As for meals, Postino isn't about dinner; it's about superior snacking. What an incredible offering of noshes, too. An olive bowl, overflowing with sharp fruit. Pesto and bread. Prosciutto with sweet-tart figs. Specialty cheeses, flanked with nuts, fruit and toast. And the best of them all, an antipasto platter laden with assorted meats, cheeses, breads, olives and fruits. But then there's the bruschetta, a massive serving of four flatbreads spread on a wooden cutting board. Toppings are indulgent: roasted artichoke, mozzarella with tomato and basil, crushed tomato basil, white Tuscan bean, goat cheese, ricotta with pistachios, roasted peppers and goat cheese, salami pesto, or prosciutto with figs and mascarpone. Just promise us that if we're not there, you'll have some for us.
Then we grew up. One day, we wandered into Roaring Fork, chef Robert McGrath's cowboy cafe, and life was never the same. Because we found mac-n-cheese on his menu, but mac-n-cheese unlike any mac-n-cheese we'd ever had before. Sheer heaven.
McGrath puts an American West spin on his noodles, with a wow base of puréed poblano chile. More than macaroni, he sautés diced red bell pepper, red onion, minced garlic and corn kernels in corn oil until just tender. Then he stirs in the pasta and green chile, plus lots of grated pepper Jack cheese and heavy cream. The finishing touch -- generous sprinkles of kosher salt and cracked black pepper.
Sorry, Mom, we love you, but Velveeta just can't cut it anymore.
For that state staple, we nominate Spyros Scocos' recipe. As owner of Iguana Lounge, he has taken a classic and infused it with funky Cuban charm. This soup arrives in a large parfait glass, tumbled in bright broth so sparkly we suspect carbonation. It bobs with sharp fresh tomato, red pepper, avocado, celery, scallion and onion. Even in its oversize portion, it disappears all too quickly.
The dogs in question are all-beef Viennas imported from Chicago. Our favorite style is the traditional, tucked in a bun and dressed with mustard, relish, onions, pickle, tomatoes and sauerkraut. Just one is a full meal at just $3.15, partnered (for free) with hot, mealy French fries or soupy coleslaw. But sometimes we want to step out a little, and for that, we turn to the Cheddar dog, the chili dog or the ultimate, the chili/cheese dog. The Chicago Co. doesn't disappoint with fans of Polish dogs, fire dogs or bagel dogs, either. Once, when we were feeling really macho, we tried to take on the massive "Dave Jantz Double Dog." It bit us back.
How much do we love these dogs? We still smile when we think of the Valentine's Day note posted once on the daily special board. It read, "Vienna Hot Dog w/fries 2.25. Nothing says I love you' like a steamin' weenie." We couldn't have said it better ourselves.
Here, the beef is doused with Burgundy as it cooks on a special, extra-thick grill (to keep the wine from evaporating too fast). It's drenched not just once, but four times, then topped with cheese if we like, and drenched two more times. Big Mac, ha. Our basic burger is a whopping one-third pound, with no special sauce needed -- this big, beefy taste doesn't hide. Toppings include fresh, crisp lettuce, tomato, onion and pickle. If we want more, we can add beef chili with beans and more onion. When we're super hungry, we pig out with the super wineburger, a full two-third-pounder with cheese.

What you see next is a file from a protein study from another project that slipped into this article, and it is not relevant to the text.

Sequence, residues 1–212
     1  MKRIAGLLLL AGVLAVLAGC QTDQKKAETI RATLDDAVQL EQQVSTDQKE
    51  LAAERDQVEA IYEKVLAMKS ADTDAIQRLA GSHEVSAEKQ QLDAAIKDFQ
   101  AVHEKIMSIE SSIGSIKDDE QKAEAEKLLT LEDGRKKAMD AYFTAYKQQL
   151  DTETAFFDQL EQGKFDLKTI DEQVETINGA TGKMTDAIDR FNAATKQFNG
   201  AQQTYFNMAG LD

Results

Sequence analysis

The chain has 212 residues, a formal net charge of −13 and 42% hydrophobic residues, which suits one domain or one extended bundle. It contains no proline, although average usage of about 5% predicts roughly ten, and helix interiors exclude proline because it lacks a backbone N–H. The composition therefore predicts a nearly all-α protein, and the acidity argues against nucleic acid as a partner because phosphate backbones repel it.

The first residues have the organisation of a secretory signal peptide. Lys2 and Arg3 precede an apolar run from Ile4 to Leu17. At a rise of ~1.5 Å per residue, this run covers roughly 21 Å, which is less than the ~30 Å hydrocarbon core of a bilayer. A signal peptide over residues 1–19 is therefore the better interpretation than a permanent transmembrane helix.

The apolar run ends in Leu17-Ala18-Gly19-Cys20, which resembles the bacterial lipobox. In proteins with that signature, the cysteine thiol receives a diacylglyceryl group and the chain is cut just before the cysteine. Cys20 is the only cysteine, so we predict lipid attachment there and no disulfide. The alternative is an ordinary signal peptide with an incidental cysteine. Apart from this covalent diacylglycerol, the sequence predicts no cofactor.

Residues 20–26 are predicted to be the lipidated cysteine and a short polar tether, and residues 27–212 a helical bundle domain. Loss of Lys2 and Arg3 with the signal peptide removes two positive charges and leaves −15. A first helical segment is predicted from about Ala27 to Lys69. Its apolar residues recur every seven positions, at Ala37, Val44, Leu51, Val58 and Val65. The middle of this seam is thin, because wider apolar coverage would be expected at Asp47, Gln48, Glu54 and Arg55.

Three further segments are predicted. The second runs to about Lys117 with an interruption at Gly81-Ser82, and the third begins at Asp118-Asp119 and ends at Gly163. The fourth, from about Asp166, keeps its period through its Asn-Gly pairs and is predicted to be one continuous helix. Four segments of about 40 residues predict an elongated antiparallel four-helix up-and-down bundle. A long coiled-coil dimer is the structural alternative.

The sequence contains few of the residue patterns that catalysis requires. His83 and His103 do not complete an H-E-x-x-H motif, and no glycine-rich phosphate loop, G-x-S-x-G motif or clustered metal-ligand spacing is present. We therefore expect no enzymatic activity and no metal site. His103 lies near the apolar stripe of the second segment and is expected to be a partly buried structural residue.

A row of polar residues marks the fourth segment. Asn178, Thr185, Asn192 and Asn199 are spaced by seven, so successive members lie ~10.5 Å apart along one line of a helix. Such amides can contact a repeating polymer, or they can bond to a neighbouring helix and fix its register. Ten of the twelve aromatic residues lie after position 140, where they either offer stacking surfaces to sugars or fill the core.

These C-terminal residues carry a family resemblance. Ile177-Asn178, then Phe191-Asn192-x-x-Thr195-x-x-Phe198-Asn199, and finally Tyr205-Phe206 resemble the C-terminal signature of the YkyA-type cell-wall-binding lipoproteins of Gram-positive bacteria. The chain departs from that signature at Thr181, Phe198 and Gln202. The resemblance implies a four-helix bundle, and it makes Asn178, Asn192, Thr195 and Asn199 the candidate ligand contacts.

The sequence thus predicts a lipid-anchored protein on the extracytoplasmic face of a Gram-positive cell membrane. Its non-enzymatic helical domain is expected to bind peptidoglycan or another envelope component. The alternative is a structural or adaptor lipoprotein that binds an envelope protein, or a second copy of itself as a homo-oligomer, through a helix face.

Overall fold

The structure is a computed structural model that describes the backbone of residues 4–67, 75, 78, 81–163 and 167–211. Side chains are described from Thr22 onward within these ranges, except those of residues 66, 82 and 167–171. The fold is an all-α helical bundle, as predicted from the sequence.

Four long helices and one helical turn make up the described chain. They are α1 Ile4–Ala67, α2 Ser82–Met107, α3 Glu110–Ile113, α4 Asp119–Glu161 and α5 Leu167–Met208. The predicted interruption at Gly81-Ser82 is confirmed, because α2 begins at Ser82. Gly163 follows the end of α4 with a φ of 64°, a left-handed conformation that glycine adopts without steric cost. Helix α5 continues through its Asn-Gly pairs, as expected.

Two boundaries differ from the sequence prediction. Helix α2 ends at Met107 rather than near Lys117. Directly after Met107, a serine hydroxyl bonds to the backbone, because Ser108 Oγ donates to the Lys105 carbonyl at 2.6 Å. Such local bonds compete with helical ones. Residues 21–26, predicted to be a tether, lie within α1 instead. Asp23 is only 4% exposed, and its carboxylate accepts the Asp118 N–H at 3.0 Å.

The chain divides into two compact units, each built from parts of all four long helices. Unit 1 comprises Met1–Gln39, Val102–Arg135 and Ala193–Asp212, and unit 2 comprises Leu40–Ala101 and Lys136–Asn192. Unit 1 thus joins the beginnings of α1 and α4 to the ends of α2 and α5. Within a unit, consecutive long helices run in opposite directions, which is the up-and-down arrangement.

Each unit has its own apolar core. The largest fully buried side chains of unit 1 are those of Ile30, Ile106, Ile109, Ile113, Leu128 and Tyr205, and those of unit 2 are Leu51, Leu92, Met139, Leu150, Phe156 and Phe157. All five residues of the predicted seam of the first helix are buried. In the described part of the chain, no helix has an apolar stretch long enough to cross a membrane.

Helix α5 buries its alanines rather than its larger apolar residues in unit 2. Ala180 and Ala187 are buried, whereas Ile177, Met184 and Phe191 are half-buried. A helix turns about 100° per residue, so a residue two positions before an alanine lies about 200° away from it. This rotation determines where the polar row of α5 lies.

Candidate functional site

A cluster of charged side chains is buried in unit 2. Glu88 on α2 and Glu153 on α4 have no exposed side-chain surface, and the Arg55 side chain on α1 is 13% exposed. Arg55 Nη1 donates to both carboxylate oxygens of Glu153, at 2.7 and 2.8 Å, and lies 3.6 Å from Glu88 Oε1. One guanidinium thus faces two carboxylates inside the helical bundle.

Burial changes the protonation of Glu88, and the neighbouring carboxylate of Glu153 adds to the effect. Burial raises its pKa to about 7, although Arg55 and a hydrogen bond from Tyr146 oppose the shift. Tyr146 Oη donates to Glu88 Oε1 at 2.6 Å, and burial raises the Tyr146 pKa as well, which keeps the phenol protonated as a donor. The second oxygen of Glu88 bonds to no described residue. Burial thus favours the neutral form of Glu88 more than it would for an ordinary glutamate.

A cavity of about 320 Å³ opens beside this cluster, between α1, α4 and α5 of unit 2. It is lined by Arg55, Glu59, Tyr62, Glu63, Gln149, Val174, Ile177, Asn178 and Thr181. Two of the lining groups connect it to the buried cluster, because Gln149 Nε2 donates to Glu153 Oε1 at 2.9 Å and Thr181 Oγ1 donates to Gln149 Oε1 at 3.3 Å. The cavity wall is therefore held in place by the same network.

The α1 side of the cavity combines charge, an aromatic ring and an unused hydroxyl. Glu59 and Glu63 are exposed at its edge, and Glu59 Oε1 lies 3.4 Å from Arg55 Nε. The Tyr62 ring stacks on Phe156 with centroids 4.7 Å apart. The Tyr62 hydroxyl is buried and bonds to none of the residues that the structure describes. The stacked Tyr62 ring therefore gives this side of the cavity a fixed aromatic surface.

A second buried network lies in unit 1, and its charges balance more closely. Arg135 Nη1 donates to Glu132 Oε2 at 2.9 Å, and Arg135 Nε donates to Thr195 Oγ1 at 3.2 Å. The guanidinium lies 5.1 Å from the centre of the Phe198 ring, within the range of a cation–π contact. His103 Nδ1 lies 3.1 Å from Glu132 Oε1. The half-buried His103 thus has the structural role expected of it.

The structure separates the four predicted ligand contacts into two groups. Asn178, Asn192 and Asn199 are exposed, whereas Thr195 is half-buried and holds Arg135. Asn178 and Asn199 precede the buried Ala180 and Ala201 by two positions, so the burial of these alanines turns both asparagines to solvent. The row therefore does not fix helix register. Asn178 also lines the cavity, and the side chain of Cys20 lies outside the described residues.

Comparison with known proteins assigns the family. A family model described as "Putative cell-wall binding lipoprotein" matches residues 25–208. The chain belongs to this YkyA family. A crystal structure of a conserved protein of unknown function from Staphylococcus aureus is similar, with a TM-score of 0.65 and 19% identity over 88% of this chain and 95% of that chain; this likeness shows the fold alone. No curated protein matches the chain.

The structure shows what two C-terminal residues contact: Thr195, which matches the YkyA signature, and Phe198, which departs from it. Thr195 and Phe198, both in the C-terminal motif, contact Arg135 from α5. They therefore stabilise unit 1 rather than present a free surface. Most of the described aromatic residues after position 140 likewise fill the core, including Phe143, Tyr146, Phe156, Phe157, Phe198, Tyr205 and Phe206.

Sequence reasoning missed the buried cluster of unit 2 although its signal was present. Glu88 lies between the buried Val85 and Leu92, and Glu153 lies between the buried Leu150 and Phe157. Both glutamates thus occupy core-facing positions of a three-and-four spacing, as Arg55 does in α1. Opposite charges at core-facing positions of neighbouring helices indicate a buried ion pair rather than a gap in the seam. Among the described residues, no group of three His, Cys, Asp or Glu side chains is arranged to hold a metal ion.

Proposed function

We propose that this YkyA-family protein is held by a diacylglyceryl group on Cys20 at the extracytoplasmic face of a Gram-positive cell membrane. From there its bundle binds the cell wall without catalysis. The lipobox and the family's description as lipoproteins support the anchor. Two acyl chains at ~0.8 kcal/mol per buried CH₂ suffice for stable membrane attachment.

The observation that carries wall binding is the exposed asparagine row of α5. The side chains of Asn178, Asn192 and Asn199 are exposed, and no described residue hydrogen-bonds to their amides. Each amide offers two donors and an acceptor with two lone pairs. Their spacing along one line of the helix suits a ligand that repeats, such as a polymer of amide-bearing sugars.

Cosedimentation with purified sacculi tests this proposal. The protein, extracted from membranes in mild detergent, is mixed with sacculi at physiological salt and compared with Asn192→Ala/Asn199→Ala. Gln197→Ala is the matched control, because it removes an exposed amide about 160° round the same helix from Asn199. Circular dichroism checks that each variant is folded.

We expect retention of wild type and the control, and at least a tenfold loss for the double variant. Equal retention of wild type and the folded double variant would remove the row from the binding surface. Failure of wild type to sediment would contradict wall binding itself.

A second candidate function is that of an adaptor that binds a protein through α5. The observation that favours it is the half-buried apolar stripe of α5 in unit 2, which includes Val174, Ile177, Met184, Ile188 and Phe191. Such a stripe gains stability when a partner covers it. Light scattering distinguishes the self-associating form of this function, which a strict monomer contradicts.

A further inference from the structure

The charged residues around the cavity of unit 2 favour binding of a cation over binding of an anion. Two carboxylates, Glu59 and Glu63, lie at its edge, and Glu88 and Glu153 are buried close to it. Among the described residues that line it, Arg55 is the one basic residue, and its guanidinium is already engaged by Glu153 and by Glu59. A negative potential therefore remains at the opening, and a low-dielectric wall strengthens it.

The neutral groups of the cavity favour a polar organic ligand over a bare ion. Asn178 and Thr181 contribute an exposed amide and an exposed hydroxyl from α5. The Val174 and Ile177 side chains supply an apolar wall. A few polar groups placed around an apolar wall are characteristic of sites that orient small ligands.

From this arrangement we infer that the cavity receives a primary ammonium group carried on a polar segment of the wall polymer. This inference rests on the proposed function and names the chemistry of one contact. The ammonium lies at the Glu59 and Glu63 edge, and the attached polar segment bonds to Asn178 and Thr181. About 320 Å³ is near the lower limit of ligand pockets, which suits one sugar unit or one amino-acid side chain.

Sorry, Ronald, but our favorite burger chef goes by the name of Harvey.
Interestingly enough, we had originally fallen in love with the Windy City's signature sandwich right here in Phoenix, when one of our friends, a Chicago transplant, introduced us to Luke's.
So simple a recipe, but so often other places cut corners and it comes out all wrong. At Luke's, the meat is premium, thinly sliced and so tender it's almost lace. The jus is critical -- it's got to be all natural, thick, peppery and so generously applied that the French roll supporting it gets soggy down to its deepest ends. It's got to be a mess, with beef falling off the edges of the bread, reined in only by an optional cloak of melted provolone.
Luke, the Chicago beef force is definitely with you.
Sometimes we get them with rotisserie prime rib or chicken. But often enough, we simply sit at the bar, sipping a glass of Penfolds Shiraz/Cabernet, slowly munching the hot, mealy slabs like cocktail nuts. After a few salty handfuls, we're almost sloppy in our happiness. It's Roti-Joe's, for when we just want to fry, fry away from this hectic world.
The secret's in the meat, imported beef thinly sliced/chopped, tossed on the grill and heaped in insanely high portions on a soft Italian roll (wheat is available, but c'mon, white's the only way to go). There are 11 steaks to tempt us, ranging from just meat, to pizza, to our choice, the model loaded with juicy grilled mushrooms, peppers, onions and lots of gooey cheese. Sometimes we get hot or sweet peppers (free add-ons), but lately, since a friend turned us on to the treat, we've been asking for a swab of mayo. It's rich and wicked. Toss in a stack of crispy hot crinkle fries and we're ready for a blissful nap.
The steaks are available in chicken, too, and it's lovely, tender breast to be sure. But is chicken really steak? Who cares?